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Diabetes Metab. 1999 Sep;25(3):213-22.

Vasopressin and urinary concentrating activity in diabetes mellitus.

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INSERM Unité 367, Institut du Fer à Moulin, Paris, France.


In diabetes mellitus (DM), the high urine flow rate suggests that urinary concentrating capacity is impaired. However, several studies have shown that vasopressin is elevated in DM and the consequences of this elevation have not yet been characterized. This study reevaluated renal function and water handling in male Wistar rats with Streptozotocin-induced DM, and in control rats. During five weeks after induction of DM, urine was collected in metabolic cages and a blood sample was drawn during the third week. Control rats (CONT) were studied in parallel. On week 3, urine flow rate was tenfold higher in DM than in CONT rats and urinary osmolality was reduced by half along with a markedly higher osmolar excretion (DM/CONT = 5.87), due for a large part to glucose but also to urea (DM/CONT = 2.49). Glucose represented 52% of total osmoles (90.3 +/- 6.5 mmol/d out of 172 +/- 14 mosm/d). Free water reabsorption was markedly higher in DM rats compared to CONT (326 +/- 24 vs 81 +/- 5 ml/d). In other rats treated in the same way, urinary excretion of vasopressin was found to be markedly elevated (15.1 +/- 4.1 vs 1.44 +/- 0.23 ng/d). In DM rats, glucose concentration in urine was 17 fold higher than in plasma, and urea concentration 14 fold higher. Both urine flow rate and free water reabsorption were positively correlated with the sum of glucose and urea excretions (r = 0.967 and 0.653, respectively) thus demonstrating that the urinary concentrating activity of the kidney increased in proportion to the increased load of these two organic solutes. These results suggest that vasopressin elevation in DM contributes to increase urinary concentrating activity and thus to limit water requirements induced by the metabolic derangements of DM. The possible deleterious consequences of sustained high level of vasopressin in DM are discussed.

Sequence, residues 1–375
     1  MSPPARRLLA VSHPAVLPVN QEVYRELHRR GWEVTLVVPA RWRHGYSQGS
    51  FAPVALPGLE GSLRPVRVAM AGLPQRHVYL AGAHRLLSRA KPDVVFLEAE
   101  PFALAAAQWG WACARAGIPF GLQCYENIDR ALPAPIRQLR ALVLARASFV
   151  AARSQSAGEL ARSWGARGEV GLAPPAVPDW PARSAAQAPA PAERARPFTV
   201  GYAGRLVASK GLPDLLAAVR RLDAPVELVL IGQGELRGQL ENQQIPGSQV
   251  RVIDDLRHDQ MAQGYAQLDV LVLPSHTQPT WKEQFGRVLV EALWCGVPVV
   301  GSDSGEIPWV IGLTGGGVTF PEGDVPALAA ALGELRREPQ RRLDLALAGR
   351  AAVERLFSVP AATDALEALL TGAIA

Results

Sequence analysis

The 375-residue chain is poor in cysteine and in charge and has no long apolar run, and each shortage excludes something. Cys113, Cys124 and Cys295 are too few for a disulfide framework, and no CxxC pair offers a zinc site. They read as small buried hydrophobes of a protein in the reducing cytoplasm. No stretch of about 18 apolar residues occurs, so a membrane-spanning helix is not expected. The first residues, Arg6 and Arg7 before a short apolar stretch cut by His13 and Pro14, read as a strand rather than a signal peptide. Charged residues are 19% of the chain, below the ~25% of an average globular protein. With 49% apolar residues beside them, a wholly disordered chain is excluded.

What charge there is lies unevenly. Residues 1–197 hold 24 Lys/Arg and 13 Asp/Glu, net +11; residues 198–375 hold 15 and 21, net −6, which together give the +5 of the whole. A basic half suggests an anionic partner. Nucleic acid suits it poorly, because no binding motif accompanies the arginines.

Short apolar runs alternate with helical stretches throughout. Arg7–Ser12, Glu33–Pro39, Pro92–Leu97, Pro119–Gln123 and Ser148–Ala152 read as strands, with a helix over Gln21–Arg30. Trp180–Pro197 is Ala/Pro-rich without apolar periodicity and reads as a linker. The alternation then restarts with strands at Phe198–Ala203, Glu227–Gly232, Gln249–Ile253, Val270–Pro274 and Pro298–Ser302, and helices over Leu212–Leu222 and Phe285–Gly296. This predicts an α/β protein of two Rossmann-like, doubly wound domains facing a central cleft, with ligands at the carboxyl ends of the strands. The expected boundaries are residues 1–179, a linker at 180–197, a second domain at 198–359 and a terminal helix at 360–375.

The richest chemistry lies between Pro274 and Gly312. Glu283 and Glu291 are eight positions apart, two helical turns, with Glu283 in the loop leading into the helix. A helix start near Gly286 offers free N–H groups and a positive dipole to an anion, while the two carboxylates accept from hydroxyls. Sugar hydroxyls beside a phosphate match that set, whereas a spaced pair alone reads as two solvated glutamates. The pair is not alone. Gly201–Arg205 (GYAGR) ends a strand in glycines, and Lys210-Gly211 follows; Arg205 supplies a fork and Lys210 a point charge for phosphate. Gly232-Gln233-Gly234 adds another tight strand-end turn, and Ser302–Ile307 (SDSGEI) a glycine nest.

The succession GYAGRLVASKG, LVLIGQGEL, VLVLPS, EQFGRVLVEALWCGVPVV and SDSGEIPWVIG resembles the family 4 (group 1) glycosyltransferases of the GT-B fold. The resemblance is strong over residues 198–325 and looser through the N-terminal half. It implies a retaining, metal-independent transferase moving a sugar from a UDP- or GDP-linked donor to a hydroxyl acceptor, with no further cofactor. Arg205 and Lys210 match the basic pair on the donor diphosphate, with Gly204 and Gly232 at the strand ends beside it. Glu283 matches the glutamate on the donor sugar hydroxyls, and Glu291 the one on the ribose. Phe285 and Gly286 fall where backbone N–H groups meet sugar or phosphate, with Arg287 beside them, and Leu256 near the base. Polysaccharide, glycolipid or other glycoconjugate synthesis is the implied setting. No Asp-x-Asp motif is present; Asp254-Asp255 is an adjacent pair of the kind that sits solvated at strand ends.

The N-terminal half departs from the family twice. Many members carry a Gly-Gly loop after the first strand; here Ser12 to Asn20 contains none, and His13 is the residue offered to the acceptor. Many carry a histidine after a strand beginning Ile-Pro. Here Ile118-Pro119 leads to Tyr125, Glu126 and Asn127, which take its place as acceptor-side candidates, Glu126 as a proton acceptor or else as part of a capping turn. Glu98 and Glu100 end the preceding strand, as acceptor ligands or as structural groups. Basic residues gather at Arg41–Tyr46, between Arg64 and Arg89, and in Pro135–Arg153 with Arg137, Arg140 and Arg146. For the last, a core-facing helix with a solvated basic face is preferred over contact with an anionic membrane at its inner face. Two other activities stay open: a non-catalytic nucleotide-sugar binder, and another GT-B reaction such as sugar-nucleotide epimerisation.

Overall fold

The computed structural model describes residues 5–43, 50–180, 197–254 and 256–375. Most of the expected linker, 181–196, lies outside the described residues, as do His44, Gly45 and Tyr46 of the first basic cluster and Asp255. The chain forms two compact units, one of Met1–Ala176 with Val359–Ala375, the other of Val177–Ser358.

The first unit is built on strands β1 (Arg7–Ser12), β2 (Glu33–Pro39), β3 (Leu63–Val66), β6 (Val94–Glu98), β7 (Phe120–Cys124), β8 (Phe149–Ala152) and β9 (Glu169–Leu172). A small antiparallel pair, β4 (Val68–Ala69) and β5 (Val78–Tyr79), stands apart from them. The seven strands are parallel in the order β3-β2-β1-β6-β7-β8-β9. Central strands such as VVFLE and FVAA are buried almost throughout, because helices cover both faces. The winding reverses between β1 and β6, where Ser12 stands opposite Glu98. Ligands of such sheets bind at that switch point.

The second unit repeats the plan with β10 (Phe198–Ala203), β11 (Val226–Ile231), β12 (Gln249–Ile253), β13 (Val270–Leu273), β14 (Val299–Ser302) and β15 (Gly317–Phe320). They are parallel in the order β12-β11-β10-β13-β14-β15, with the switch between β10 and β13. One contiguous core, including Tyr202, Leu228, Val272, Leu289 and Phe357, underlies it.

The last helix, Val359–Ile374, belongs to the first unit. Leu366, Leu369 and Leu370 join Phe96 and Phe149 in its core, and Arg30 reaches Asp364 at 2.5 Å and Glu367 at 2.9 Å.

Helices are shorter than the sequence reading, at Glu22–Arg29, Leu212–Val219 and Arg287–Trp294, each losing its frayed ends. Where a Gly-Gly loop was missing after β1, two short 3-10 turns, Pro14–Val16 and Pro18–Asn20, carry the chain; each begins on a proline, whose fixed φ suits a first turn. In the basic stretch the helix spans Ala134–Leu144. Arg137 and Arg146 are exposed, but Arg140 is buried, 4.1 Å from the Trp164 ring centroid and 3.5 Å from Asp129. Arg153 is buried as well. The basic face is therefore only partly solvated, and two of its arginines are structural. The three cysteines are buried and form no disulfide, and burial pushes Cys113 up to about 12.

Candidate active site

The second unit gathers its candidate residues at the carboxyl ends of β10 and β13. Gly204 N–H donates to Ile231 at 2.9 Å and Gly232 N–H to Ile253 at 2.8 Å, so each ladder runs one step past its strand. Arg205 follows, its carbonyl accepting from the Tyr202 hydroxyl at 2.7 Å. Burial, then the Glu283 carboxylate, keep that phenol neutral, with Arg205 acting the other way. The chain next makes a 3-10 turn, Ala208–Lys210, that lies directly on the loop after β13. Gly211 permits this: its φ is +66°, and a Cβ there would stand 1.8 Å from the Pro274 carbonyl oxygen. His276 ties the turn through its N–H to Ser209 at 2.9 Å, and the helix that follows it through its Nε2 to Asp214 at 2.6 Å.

[Indexed for MEDLINE]

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